Garfield studies not part of EPA fracturing probe

A draft Environmental Protection Agency plan for looking into concerns about hydraulic fracturing’s possible impacts on drinking water doesn’t include any of several Garfield County sites that have been proposed for case studies.

The omission concerns Lisa Bracken, who lives south of Silt, where several natural gas wells have been proposed for directional drilling beneath West Divide Creek. Gas and benzene from a well seeped into the creek starting in 2004. Bracken had asked the EPA to look into drilling in that area as part of its hydraulic-fracturing investigation.

“It needs to be included. It needs to have a more thorough study,” Bracken said.

The EPA released its draft study plan this week. Part of the EPA’s proposed overall study plan is to conduct three to five case studies involving sites where possible drinking water contamination has occurred due to fracturing. The agency said it is considering five finalist sites, including one in Colorado, where coalbed-methane drilling is occurring in Las Animas County.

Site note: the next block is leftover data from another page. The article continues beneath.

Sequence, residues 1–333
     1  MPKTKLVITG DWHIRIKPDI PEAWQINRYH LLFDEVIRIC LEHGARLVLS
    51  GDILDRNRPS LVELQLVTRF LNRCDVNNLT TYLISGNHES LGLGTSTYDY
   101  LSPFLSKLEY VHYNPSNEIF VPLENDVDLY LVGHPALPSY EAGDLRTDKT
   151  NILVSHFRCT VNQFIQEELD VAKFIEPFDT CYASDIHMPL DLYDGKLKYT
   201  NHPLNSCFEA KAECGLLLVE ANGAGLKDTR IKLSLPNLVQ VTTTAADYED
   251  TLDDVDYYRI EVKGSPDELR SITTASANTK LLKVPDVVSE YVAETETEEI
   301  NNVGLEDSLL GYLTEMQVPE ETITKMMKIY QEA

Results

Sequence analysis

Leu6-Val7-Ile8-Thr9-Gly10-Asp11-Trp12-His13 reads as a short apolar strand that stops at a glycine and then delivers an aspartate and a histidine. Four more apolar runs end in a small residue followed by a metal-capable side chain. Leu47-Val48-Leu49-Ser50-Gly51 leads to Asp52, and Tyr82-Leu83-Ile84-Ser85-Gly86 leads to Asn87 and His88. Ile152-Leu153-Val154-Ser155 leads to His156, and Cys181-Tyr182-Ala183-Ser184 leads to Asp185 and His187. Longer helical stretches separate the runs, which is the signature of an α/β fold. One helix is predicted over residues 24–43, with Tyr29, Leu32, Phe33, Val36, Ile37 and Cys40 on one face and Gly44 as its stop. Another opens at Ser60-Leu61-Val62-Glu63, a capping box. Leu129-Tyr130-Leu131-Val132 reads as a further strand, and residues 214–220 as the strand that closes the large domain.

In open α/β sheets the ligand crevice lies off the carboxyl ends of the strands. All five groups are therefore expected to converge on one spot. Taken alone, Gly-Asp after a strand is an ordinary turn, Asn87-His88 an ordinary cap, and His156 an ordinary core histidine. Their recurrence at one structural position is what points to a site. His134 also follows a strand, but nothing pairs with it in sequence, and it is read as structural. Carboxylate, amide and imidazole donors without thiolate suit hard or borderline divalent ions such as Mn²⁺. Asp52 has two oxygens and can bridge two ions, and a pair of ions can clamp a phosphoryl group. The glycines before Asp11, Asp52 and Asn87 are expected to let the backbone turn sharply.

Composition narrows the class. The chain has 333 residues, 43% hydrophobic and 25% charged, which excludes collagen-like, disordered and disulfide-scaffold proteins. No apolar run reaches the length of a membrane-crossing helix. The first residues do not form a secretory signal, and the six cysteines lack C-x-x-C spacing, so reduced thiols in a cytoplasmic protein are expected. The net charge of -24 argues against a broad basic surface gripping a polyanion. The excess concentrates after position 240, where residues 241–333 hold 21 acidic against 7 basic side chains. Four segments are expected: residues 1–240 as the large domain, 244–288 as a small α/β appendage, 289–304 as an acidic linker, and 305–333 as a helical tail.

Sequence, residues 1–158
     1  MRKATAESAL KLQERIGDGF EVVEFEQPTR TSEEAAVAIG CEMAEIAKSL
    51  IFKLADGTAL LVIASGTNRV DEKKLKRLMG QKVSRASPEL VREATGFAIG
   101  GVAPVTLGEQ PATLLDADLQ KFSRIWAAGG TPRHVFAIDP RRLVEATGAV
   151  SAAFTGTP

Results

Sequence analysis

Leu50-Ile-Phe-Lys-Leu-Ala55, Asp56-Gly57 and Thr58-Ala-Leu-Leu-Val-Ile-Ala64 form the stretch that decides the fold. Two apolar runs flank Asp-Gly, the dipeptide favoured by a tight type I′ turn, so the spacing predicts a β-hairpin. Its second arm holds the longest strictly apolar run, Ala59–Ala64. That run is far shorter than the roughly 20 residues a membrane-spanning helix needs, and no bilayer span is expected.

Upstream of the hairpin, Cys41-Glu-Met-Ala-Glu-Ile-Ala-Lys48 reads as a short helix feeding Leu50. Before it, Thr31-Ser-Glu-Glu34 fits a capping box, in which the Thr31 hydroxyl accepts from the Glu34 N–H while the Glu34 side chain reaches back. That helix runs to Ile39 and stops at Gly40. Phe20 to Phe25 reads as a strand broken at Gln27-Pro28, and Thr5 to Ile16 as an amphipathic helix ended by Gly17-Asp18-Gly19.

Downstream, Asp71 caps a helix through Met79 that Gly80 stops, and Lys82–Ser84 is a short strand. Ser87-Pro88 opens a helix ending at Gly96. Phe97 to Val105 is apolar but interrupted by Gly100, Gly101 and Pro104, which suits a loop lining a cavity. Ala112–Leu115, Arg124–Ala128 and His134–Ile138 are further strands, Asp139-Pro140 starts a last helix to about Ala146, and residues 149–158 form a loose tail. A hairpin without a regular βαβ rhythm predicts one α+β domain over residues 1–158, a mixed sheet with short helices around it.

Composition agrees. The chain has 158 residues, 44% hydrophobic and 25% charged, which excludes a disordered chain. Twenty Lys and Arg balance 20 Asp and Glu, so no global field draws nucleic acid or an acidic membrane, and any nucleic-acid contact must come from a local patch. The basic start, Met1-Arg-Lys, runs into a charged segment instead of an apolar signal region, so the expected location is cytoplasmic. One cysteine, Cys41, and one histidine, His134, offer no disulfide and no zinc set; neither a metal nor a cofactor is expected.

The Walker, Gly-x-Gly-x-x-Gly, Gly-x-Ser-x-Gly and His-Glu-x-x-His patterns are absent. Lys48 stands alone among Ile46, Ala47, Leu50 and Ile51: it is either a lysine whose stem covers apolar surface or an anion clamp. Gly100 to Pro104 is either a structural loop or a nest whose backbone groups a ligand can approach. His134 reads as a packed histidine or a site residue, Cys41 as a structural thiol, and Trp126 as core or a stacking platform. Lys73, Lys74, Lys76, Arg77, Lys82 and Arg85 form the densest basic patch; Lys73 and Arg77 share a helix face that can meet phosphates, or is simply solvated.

Forty-one sites had been nominated for studies into possible contamination. Five of those were Garfield County sites. In considering candidate sites, the EPA has been considering factors such as the knowledge gap that studying a site could fill, and geographic and geological diversity.

The EPA already is playing a role in addressing drilling concerns south of Silt. It has met with Colorado Oil and Gas Conservation Commission officials regarding their ongoing investigation of issues there, and it hired a consultant to review gas wells near a water well where methane possibly linked to drilling has been found.

Meanwhile, EnCana Oil & Gas (USA) wants to drill 12 wells from a pad near the site of the 2004 seep, which state regulators said resulted from EnCana’s improper cementing of a well. The state plans to approve the 12 wells, five of which would be drilled beneath the creek.

Bracken has objected, contending stricter drilling rules for the area aren’t keeping gas from contaminating water.

State regulators say there have been no verified instances of gas wells, drilled under those new rules, impacting domestic water wells. For the 12 EnCana wells now at issue, the state plans numerous additional requirements, including visual monitoring of the creek during drilling.

Said EnCana spokesman Doug Hock, “The COGCC wouldn’t have granted the permits if they didn’t believe the conditions of approval provided adequate environmental protection.”


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